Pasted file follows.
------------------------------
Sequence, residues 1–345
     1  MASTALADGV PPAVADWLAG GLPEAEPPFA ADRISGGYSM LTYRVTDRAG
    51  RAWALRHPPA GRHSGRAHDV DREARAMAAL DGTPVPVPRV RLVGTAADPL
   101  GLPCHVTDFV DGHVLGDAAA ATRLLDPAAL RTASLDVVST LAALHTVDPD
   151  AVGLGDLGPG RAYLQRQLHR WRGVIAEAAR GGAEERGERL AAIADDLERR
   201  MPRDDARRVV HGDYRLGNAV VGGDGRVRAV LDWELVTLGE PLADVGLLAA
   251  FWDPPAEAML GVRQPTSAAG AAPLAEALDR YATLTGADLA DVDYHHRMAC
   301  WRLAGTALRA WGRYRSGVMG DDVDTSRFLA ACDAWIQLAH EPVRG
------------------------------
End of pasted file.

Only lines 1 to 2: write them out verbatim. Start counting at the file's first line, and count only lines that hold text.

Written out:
Sequence, residues 1–345
     1  MASTALADGV PPAVADWLAG GLPEAEPPFA ADRISGGYSM LTYRVTDRAG